When blog posts go wrong
At last week’s Catholic New Media Conference, I related a PR disaster I inflicted on myself early in my blogging career.
In the week after I was ordained, I overheard teenage girls remark to their friends how cute I looked. Not “One-Direction-or-similar-boy-band” cute, mind you. More, “the-boy-dressed-in-Fr-Paddy’s-clothes” cute.
I admit it: I looked, for all the world, like the clerical equivalent of the image illustrating this post!
The post attracted a lot of critical comments and e-mails, accusing me of everything from narcissism to paedophilia. The self-deprecating humour I intended to convey was lost on many readers, who seemed to respond not to my post per se, but to an extract in Cathnews’ blog roundup:
‘Cute’ country priest turns heads of teenage girls
Country Priest blogs on being regarded as “cute”:
“Last Wednesday I said mass at my almer mater, Damascus College. On Saturday, I delivered a talk on confession at a Youth for Christ retreat. On both occasions, I heard teenage girls saying to each other, ‘he’s so cute!’ …
“Past efforts have demonstrated I can’t grow much of a beard. But maybe stacking on some weight will help me look older.”
As you might imagine, this was a little distressing, but it wasn’t all bad. I responded to each comment personally and privately, and formed some constructive online relationships. And I learnt some valuable lessons:
- I should be careful what I blog about, and how I employ humour in the written word.
- No matter how carefully I write, misunderstandings will arise. Sometimes readers will be offended; sometimes readers will be offensive. I should seek clarity when this happens, and never take abuse personally.
I laugh about it now, and truth be told I laughed about it then too. But there’s nothing to laugh about Fr Ray Blake’s recent “misunderstanding,” which dwarfs mine.
About a month ago, he posted a thoughtful and thought-provoking piece on the poor, a theological reflection which could be taken two ways. I must admit, I wasn’t sure myself how to take claims like this:
The trouble with the poor is that they are messy . . .
. . we find someone has got a few cardboard boxes together and has slept there and if it has been raining leaves a sodden blanket, cardboard there to be cleaned up, often it also smells of urine and there is often excrement there and sometimes a used needle or two . . .
. . There is a man who comes into the church . .. and makes a mess of our prayers. It stops some coming to Mass here.
If they are not doing that they are ringing the door bell at every hour of the day and night, and they tell lies. They tell you their Gran is dying in Southampton and they need the train fare, you give it to them and if you don’t find them drunk in the street they are back the next day and the other Gran is dying in Hastings this time.
This might sound like a litany of complains and abuse about the poor. But it’s not. Read the post in its entirety. And then read some of the comment thread. There are 68 comments, and counting, but you don’t need to read them all. Just read the first two.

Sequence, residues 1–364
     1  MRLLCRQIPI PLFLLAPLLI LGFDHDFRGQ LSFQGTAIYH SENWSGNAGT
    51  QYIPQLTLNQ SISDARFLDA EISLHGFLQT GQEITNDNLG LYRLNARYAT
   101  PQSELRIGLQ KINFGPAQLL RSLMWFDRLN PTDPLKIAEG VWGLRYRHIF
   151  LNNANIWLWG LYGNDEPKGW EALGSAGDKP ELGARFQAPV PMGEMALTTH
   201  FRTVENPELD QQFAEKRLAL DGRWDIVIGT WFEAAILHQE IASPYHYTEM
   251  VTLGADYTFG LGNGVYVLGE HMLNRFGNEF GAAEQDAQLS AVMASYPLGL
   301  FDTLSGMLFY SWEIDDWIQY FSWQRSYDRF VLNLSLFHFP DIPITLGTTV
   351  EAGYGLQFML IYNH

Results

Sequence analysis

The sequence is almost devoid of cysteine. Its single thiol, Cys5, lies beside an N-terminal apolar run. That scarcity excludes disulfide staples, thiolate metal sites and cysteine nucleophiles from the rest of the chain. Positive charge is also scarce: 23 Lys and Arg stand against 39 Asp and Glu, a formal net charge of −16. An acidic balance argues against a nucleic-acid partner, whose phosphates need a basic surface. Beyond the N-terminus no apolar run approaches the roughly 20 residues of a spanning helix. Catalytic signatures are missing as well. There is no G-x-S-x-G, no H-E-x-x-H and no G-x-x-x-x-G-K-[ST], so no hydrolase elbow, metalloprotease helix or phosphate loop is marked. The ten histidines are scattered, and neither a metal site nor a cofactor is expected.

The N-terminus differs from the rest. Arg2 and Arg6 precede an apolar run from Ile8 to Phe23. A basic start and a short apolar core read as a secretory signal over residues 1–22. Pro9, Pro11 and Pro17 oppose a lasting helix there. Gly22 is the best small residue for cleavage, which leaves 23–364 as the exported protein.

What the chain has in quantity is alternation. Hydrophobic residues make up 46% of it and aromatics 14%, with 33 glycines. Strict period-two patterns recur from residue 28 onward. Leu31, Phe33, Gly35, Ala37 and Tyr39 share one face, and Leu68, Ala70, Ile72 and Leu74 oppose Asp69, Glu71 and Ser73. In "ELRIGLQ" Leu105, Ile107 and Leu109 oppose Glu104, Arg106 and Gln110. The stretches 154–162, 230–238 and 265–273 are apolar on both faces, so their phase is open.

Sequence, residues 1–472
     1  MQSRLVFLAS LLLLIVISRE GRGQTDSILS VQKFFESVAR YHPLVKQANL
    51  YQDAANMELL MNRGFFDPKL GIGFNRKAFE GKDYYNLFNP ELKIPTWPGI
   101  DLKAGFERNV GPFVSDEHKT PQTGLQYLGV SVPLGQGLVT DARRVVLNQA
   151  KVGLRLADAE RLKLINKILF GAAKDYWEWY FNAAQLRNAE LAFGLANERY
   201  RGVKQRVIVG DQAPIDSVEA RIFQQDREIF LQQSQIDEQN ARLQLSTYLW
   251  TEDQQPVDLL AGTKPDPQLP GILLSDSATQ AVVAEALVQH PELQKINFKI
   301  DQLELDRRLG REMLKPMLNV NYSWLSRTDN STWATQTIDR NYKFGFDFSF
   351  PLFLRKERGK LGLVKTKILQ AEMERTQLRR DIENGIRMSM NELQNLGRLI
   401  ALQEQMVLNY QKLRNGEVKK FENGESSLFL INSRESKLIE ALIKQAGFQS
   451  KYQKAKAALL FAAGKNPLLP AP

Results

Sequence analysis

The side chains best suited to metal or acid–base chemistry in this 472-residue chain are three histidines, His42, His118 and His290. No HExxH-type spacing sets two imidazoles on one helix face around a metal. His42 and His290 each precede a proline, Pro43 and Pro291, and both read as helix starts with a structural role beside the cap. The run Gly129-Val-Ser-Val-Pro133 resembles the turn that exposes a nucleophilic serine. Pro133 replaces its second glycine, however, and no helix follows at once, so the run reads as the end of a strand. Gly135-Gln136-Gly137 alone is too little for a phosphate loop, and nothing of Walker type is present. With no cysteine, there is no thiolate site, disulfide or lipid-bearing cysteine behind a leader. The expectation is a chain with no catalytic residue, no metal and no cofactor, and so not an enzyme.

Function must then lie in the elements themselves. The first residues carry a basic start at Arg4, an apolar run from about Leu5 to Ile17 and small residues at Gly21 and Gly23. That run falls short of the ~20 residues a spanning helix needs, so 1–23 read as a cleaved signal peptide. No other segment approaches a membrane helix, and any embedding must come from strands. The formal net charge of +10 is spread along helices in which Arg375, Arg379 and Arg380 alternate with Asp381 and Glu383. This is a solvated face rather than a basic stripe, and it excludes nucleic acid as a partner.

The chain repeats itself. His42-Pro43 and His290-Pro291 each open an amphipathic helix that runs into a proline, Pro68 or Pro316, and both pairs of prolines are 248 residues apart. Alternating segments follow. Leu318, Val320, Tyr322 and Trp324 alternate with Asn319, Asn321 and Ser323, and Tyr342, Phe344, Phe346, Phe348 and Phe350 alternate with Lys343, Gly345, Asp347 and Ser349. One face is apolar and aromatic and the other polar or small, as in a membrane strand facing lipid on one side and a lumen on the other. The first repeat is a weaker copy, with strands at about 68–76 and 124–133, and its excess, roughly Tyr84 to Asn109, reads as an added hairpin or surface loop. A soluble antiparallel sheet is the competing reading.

Fr Blake makes very clear his opposition to readers who would clear the poor out, lecture them on sobriety, call the police, etc. Here is an example of his clarification, which is the second comment in the thread:
I do not make distinctions, Our Lord says simply, ‘Give to anyone who asks’, ‘give without counting the cost’. He does that with me and with you, but possibly you have a different copy of the scripture to me and the rest of God’s Church.
Do you think St Laurence had a worthiness test? He didn’t, neither does God, neither do I, obviously you do.
That is your problem. Can you not understand the Christian imperative, are you so bound up in your own political narrative that you are blind and deaf to what the saints have taught down the centuries? As someone said earlier to you, it is pure whig capitalism, certainly not Christianity.
Unfortunately, the local journalist who read Fr Blake’s post didn’t bother to even glance at the comment thread. Instead, a month after the post’s publication, he wrote a piece for the local newspaper that must be seen to be believed:
A complaining priest claims “lying” poor people have been sent by God to “test my holiness.”
Father Ray Blake condemned “messy” street drinkers, who enter his church to plead for money, branding one an “irritating little bastard.”
But the controversial cleric admitted his “challenge” as a Catholic was to love all people, no matter how penniless or dirty.
In a lengthy blog post titled The Trouble With the Poor, Father Blake raged: “The trouble with the poor is that they are messy . . .”
Even worse, a similar hack job was reproduced in The Telegraph and both articles have been internationally syndicated. It’s appalling journalism, which seems to come straight out of Evelyn Waugh’s Scoop. As I say, it dwarfs my own run in with out-of-context quotes and misunderstanding.
Fr Blake has since blogged on the controversy, as have two giants in the world of blogging priests: Fr Finigan (Dumb and dumber — or malicious?) and Fr Z (Fr Z stands with Fr Blake of Brighton). Kate Edwards has complied a list of other blog responses.
Some might say this is why priests shouldn’t blog, or speak to reporters, or stick their head over the parapet. They’ll only fall victim to gotcha journalism, and do further damage to the Church’s credibility.
But I’m inclined to conclude the opposite. This is why not only priests but everyone who loves the Lord and thinks with the Church must blog or in other ways engage with the media, and speak up. To paraphrase St Josemaría (changing the original only slightly):
When confronted by evil we shall not reply with [silence], but rather with sound doctrine and good actions: drowning evil in an abundance of good. That’s how Christ will reign in our souls and in the souls of the people around us.
“Drowning evil in an abundance of good.” That’s not a bad motto.